• Mindfulness-Based Meditation and Stress Reduction in Healthy Adults

      Jacob, Nomy Thomas; Scheu, Karen (2020-05)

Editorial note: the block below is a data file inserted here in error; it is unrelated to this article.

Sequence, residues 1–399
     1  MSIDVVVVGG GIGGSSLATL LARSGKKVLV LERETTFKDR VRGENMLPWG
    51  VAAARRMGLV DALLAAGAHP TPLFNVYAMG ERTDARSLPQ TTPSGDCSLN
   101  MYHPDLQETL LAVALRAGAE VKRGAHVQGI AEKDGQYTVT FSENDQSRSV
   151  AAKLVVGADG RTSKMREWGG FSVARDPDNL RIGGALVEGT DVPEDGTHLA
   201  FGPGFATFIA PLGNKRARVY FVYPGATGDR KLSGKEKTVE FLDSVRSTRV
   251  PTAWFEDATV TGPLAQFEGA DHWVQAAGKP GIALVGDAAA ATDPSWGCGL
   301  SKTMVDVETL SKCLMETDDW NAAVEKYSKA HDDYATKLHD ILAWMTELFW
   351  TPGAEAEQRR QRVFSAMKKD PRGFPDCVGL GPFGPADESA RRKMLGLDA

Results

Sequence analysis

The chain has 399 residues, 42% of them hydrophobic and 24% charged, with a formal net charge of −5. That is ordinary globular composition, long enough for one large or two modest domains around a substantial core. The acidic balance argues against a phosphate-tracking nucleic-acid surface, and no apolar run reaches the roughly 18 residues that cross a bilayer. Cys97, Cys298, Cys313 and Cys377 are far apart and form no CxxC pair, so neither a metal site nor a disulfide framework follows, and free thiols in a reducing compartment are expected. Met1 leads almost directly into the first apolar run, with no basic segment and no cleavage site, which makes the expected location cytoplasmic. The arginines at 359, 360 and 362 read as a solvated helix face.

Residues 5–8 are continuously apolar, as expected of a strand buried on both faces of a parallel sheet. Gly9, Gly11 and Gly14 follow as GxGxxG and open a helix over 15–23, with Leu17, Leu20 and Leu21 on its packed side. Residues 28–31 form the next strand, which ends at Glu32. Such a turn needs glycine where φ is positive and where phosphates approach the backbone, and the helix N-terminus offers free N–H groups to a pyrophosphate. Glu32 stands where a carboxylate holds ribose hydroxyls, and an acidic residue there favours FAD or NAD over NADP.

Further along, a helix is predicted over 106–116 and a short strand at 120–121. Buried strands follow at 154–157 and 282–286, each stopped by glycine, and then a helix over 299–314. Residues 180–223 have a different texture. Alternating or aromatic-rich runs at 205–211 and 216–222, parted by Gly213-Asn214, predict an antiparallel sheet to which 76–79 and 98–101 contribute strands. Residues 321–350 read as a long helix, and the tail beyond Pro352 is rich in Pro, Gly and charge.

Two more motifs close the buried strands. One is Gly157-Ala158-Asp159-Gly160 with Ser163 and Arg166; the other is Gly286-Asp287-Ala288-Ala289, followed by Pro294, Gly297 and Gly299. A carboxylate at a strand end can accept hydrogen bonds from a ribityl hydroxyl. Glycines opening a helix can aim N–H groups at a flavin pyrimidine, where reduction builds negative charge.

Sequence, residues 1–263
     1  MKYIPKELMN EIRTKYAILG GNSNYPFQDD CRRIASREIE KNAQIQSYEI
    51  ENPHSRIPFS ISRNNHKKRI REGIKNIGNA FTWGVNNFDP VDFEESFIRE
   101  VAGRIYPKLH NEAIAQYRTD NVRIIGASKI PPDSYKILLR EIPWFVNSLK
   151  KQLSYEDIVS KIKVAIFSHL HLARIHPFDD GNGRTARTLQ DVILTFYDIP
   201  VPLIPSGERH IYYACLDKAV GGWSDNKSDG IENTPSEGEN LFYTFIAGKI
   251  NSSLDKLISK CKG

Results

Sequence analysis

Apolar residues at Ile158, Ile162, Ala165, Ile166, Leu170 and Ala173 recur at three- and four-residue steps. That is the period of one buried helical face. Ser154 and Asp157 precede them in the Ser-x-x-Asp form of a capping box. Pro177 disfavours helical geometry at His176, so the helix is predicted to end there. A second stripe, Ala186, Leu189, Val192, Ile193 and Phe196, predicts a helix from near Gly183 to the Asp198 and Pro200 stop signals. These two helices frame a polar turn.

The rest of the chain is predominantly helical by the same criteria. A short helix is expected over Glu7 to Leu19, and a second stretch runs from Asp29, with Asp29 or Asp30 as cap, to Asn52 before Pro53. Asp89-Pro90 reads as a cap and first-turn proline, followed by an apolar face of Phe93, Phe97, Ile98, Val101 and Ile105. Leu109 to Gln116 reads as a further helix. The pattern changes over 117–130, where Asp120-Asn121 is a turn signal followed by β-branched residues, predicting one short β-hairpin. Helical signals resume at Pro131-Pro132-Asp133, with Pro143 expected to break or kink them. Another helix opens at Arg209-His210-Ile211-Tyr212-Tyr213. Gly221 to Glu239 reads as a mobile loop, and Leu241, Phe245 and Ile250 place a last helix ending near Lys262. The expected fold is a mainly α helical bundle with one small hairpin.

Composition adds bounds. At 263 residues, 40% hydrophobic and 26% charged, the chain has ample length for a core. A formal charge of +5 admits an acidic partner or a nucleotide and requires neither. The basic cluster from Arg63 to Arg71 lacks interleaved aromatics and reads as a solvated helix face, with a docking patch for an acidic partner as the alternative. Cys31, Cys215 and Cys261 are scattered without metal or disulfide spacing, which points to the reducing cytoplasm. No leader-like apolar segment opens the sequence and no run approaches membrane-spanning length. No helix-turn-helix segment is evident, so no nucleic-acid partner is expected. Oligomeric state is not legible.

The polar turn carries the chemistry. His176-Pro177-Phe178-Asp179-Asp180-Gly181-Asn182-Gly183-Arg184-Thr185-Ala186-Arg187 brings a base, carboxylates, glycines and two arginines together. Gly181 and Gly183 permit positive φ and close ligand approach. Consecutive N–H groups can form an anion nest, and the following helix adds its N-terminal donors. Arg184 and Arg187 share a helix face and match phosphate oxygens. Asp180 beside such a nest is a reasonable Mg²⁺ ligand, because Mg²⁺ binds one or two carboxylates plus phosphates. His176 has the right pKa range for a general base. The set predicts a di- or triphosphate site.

Problem & Purpose: Stress is a significant public health concern contributing to serious health consequences in our communities. Studies show that managing stress can be achieved by practicing evidence-based, mindful meditation (MM) daily, and an evidence-based tool kit can help to guide practice. At a community outreach health department in rural Maryland, there was a steady inquiry by community members for guidance on how to manage stress as there was a lack of programming and education. The purpose of this quality improvement (QI) project was to implement and evaluate the feasibility of the MM program among healthy, stressed adults in the community. Methods: The 12-week MM program had three phases. The pre-intervention phase included a train the trainer program that prepared the project champions (PC) to facilitate MM programs in various community settings. The intervention phase included a six-week pilot program where a sample from the community [project participants (PP)] participated. In the post-intervention phase, the PP practiced MM daily and concluded with a reunion. Pre-post questionnaires assessed the knowledge and skill level of PC related to stress and its management, as well as the resource tool kit’s usefulness. An audit tool provided a feasibility measure of the number of pilot sessions completed by each PP. In the end, a survey questionnaire assessed the usefulness of the program. The framework used for this project was Roger’s theory of diffusion of innovation. Results: The post-survey showed an increase in knowledge and skill level of PC and their perception of using the tool kit. More than 70% of PP attended each week's pilot class, and 100% stated that the MM program was useful. Conclusion: MM is a brief and cost-effective stress management intervention that is easy to implement in various community settings. Practicing MM for five minutes helps to reduce stress.